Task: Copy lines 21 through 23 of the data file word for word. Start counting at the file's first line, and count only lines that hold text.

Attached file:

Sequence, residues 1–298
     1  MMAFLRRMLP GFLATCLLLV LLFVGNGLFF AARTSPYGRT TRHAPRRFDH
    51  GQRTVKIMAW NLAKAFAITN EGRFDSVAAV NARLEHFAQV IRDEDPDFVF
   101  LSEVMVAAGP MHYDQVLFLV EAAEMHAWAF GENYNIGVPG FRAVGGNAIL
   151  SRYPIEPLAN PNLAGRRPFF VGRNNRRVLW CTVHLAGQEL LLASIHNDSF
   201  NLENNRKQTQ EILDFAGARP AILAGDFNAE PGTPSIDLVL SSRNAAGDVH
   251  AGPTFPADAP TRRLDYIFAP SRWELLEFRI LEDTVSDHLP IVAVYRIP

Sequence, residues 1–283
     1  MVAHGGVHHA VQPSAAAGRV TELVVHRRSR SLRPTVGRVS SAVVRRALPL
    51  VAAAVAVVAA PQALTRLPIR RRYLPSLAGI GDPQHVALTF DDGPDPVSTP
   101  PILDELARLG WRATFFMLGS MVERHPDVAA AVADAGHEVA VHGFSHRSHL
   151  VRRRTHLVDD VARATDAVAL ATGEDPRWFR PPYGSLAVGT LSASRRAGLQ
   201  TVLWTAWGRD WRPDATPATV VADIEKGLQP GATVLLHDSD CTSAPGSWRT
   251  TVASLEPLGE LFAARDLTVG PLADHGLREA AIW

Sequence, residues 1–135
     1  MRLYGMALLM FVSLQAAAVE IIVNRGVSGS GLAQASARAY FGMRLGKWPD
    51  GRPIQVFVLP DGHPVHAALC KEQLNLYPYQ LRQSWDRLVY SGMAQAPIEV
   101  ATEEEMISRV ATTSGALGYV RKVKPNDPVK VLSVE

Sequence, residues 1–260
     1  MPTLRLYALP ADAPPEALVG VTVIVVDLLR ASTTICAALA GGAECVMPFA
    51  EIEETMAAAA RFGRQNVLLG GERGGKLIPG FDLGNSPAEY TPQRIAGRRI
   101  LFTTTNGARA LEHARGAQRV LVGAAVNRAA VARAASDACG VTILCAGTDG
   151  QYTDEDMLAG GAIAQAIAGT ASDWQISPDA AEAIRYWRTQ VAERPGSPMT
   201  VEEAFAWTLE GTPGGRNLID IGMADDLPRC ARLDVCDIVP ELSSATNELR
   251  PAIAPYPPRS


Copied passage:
    51  EIEETMAAAA RFGRQNVLLG GERGGKLIPG FDLGNSPAEY TPQRIAGRRI
   101  LFTTTNGARA LEHARGAQRV LVGAAVNRAA VARAASDACG VTILCAGTDG
   151  QYTDEDMLAG GAIAQAIAGT ASDWQISPDA AEAIRYWRTQ VAERPGSPMT